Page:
Is there a way for me to store the the record for Tuesday and
Wednesday in one row or do should I have two records?
There are several ways to store multiple time ranges in a single row. @bma already provided a couple of them. That might be useful to save disk space with very simple time patterns. The clean, flexible and "normalized" approach is to store one row per time range.
What is the best way to store the day and time?
timestamptz if multiple time zones may be involved). Pick an arbitrary "staging" week and just ignore the date part while using the day and time aspect of the
timestamp. Simplest and fastest in my experience, and all date and time related sanity-checks are built-in automatically. I use a range starting with
1996-01-01 00:00 for several similar applications for two reasons:
- The first 7 days of the week coincide with the day of the month (for
sun = 7).
- It's the most recent leap year (providing Feb. 29 for yearly patterns) at the same time.
Since you are actually dealing with time ranges (not just "day and time") I suggest to use the built-in range type
tstzrange). A major advantage: you can use the arsenal of built-in Range Functions and Operators. Requires Postgres 9.2 or later.
For instance, you can have an exclusion constraint building on that (implemented internally by way of a fully functional GiST index that may provide additional benefit), to rule out overlapping time ranges. Consider this related answer for details:
For this particular exclusion constraint (no overlapping ranges per event), you need to include the integer column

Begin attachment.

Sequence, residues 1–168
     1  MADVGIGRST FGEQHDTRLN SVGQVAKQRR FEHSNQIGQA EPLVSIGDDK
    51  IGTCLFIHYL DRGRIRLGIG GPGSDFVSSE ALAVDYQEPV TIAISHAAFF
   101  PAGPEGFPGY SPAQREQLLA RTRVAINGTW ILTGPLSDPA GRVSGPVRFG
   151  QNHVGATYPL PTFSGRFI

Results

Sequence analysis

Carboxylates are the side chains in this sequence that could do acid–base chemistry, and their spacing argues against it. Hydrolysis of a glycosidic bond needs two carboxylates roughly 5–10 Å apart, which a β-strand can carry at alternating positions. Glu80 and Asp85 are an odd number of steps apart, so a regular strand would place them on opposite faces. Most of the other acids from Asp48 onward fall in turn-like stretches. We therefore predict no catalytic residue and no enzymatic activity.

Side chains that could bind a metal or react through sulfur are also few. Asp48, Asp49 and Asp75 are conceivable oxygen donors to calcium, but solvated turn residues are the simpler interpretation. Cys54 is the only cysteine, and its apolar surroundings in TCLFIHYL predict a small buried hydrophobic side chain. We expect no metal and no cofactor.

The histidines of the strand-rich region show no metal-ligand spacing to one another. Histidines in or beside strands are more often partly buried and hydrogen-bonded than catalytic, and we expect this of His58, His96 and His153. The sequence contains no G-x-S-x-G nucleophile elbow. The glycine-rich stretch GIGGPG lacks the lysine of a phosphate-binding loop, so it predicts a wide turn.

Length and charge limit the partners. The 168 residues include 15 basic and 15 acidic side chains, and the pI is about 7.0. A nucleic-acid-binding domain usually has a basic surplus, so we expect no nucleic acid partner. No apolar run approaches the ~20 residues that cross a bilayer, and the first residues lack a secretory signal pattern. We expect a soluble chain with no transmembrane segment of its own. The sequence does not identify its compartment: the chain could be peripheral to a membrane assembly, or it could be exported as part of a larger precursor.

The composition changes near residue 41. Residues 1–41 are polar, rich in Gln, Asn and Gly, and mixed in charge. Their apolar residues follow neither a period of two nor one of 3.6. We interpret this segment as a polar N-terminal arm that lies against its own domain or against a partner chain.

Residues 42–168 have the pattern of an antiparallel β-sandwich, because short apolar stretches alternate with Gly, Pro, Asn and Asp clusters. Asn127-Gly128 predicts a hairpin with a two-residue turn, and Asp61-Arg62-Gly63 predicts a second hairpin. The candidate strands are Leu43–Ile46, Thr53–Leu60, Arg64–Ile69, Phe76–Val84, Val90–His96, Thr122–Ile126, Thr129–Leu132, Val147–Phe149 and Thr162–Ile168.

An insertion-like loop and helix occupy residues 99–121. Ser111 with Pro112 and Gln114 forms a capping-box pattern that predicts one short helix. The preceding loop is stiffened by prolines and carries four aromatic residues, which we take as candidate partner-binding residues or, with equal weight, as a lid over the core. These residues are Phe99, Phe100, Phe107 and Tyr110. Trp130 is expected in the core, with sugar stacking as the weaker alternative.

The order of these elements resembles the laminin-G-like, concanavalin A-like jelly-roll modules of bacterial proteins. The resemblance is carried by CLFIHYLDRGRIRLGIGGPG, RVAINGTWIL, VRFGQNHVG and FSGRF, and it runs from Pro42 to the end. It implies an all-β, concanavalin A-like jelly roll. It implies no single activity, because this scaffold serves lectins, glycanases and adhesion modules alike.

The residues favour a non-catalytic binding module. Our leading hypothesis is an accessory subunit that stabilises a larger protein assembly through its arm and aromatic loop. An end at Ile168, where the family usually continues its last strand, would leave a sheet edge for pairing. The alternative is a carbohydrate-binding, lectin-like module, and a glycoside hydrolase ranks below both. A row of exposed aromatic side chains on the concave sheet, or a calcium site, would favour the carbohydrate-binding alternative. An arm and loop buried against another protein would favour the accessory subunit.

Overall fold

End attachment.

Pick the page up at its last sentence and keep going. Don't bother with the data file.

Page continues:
event_id in the constraint, so you need to install the additional module btree_gist. Install once per database with:
CREATE EXTENSION btree_gist; -- once per db
Or you can have one simple
CHECK constraint to restrict the allowed time period using the "range is contained by" operator
Could look like this:
CREATE TABLE event (event_id serial PRIMARY KEY, ...);
CREATE TABLE schedule (
event_id integer NOT NULL REFERENCES event(event_id)
ON DELETE CASCADE ON UPDATE CASCADE
, t_range tsrange
, PRIMARY KEY (event_id, t_range)
, CHECK (t_range <@ '[1996-01-01 00:00, 1996-01-09 00:00)') -- restrict period
, EXCLUDE USING gist (event_id WITH =, t_range WITH &&) -- disallow overlap
For a weekly schedule use the first seven days, Mon-Sun, or whatever suits you. Monthly or yearly schedules in a similar fashion.
How to extract day of week, time, etc?
@CDub provided a module to deal with it on the Ruby end. I can't comment on that, but you can do everything in Postgres as well, with impeccable performance.
SELECT ts::time AS t_time -- get the time (practically no cost)
SELECT EXTRACT(DOW FROM ts) AS dow -- get day of week (very cheap)
Or in similar fashion for range types:
SELECT EXTRACT(DOW FROM lower(t_range)) AS dow_from -- day of week lower bound
, EXTRACT(DOW FROM upper(t_range)) AS dow_to -- same for upper
, lower(t_range)::time AS time_from -- start time
, upper(t_range)::time AS time_to -- end time
ISODOW instead of
7 instead of
0 for sundays. There is a long list of what you can extract.
This related answer demonstrates how to use range type operator to compute a total duration for time ranges (last chapter):